Port City Rodeo judged a success
This past weekend’s Port City Rodeo was an all-around success, generating good entertainment and much-needed charitable funds at the same time, according to people involved with the event.
The rodeo, organized by the Decatur County Family Connection service collaborative and sponsored by a number of local businesses and individuals, drew large crowds on both Friday and Saturday nights, despite rainy weather on the second night, said Dan Provence, chairman of Family Connection’s board and a member of the rodeo’s organizing committee.
Provence said it was estimated anywhere from 1,200 to 1,500 people were at the County Fairgrounds Friday night to see the rodeo, enough to make it a “standing room only” event. While rain likely led to a smaller crowd on Saturday night, the rodeo’s second night still managed to attract a crowd of several hundred people, he said.
While Family Connection hasn’t finished tallying up its proceeds from the rodeo, Provence and others said they believed it was successful both as a refreshing form of local entertainment and in meeting the group’s goals of raising money for its community-focused programs.
Richard Monson, president and CEO of Southwest Georgia Farm Credit, said it appeared everyone at the rodeo was having fun, a good feeling he said was enhanced by supporters’ knowledge that the event proceeds will help the Bainbridge community.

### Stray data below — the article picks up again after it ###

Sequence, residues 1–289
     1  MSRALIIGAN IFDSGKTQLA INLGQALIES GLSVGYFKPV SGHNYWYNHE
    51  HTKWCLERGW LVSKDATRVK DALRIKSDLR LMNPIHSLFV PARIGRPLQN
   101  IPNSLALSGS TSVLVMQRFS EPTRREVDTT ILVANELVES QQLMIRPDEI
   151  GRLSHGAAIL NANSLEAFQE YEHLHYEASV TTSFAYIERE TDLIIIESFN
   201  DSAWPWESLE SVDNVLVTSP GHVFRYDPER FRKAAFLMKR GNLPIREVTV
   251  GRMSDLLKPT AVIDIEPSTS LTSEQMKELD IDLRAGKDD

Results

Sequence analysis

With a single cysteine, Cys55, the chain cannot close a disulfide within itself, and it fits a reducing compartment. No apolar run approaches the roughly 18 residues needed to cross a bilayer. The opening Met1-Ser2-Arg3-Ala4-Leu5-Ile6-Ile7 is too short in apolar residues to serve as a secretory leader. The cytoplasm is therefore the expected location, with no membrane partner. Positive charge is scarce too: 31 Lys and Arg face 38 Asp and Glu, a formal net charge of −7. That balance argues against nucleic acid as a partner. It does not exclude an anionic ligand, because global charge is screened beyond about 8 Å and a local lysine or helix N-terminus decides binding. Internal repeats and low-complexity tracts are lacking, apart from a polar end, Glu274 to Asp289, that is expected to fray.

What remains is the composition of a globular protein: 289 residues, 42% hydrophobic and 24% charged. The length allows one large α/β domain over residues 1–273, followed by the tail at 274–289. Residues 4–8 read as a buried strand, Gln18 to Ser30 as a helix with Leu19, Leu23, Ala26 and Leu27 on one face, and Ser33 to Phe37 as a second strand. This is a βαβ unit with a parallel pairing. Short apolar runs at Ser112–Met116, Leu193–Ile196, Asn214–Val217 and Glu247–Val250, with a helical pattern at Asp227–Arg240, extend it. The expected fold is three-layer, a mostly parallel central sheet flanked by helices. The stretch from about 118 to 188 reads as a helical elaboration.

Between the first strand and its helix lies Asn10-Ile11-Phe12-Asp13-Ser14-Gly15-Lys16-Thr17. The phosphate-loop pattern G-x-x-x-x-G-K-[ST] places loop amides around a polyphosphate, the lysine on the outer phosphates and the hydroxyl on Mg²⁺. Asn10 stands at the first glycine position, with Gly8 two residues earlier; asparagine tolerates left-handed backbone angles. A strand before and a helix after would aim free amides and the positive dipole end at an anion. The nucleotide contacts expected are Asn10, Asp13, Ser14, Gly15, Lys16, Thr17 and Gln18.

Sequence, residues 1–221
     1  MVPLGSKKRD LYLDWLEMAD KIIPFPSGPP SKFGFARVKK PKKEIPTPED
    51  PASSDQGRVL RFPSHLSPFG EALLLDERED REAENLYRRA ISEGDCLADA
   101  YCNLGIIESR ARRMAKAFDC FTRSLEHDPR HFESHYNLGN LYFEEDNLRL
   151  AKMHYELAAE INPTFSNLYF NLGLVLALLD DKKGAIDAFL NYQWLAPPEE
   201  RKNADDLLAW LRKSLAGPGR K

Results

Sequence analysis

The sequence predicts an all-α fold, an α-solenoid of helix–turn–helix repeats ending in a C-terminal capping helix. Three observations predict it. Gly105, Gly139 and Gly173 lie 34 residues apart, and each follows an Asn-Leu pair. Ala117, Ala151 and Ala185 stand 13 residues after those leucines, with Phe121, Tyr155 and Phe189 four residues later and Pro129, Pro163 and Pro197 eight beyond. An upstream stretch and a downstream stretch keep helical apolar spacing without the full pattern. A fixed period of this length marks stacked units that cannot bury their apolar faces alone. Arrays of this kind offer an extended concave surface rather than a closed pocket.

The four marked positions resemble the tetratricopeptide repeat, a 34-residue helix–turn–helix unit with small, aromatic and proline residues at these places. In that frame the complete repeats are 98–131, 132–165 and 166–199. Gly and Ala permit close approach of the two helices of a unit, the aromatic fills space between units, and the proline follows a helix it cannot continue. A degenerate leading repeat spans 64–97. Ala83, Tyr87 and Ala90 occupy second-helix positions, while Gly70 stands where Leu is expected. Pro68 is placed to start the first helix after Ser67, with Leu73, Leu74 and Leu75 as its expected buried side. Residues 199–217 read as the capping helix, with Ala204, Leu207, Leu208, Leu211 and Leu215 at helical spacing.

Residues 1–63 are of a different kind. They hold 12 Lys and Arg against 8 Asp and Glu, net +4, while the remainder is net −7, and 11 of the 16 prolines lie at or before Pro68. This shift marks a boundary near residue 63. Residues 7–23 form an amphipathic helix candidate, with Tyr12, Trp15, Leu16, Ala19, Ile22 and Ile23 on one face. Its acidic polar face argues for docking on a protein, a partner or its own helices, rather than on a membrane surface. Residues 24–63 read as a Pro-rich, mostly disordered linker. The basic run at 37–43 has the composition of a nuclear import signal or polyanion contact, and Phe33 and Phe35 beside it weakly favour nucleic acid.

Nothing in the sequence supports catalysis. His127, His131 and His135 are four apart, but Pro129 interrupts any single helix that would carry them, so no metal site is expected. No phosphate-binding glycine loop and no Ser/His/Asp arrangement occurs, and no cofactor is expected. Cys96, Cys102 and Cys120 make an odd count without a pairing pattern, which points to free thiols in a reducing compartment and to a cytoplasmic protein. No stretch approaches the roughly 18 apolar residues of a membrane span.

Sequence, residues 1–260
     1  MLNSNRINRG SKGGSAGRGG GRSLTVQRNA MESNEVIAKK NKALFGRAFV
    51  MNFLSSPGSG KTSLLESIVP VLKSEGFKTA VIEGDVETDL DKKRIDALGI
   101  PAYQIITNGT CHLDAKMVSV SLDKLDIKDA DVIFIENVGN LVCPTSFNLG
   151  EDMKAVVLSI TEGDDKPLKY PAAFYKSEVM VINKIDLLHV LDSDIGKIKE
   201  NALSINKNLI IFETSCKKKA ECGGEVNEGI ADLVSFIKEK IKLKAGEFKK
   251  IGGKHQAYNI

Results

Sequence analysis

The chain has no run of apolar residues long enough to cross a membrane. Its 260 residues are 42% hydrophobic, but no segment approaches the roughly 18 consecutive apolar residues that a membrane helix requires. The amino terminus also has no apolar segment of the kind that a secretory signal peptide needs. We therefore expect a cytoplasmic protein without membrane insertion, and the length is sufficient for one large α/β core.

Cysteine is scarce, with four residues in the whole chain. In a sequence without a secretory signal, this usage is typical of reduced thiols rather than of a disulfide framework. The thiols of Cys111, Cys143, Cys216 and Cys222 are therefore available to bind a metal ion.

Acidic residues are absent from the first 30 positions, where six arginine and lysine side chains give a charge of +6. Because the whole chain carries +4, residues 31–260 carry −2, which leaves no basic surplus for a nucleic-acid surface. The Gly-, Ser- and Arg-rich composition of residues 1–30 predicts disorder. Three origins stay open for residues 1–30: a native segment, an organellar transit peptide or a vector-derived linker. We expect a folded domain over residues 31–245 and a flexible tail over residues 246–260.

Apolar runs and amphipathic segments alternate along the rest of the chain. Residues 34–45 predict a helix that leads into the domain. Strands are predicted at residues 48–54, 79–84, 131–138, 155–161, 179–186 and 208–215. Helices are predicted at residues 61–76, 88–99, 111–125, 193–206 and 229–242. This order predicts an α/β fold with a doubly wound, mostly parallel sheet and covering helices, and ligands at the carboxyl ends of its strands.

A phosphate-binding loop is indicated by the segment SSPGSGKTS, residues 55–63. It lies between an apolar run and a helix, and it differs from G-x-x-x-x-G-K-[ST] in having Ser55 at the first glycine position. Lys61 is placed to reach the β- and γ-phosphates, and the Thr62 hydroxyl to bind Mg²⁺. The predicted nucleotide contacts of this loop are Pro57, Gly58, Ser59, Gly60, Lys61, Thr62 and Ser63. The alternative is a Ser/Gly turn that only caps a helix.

“We’re agricultural lenders, so for me, the whole aspect of the rodeo featuring people working closely with well-trained animals was exciting to watch,” Monson said.
More than a dozen employees of Farm Credit, one of the rodeo’s major sponsors, were glad to help out at the fairgrounds during both nights, said Monson, who added he plans to support a planned second annual Port City Rodeo next year.
Bainbridge City Councilwoman Roslyn Palmer, a Family Connection partner, said she enjoyed the rodeo and was pleased with its success.
“I think it was a win-win for the community,” Palmer said. “The rodeo provided good family entertainment and at the same time boosted Family Connection’s budget at a time when it needed to replace funds it had lost.”
Family Connection, a service group that is comprised of volunteer partnerships all across Georgia, has created programs that address the needs of local children and families, especially the education and welfare of children. Seeing the active work of the volunteers at the rodeo impressed Palmer.
“If you were to have looked around at the volunteers, they came from all walks of life,” Palmer said. “It was very nice to see people working together.”
Provence thanked the rodeo’s sponsors and its volunteers for their help, and also said he appreciated the participation of the rodeo riders.
“It was really competitive in the rodeo ring, you could tell the riders really wanted to win,” Provence said. “It was about much more than just putting on a show for them.”
The rodeo’s steering committee, who planned and brought the event to fruition in just about four months’ time, was comprised of Provence, Decatur County Family Connection Coordinator Ami Mejia, Dit Albritton, Evelyn Clay, Scott Ewing, Allison Harrell, Debbie McIntyre, Connie Snyder and Sue Steiner.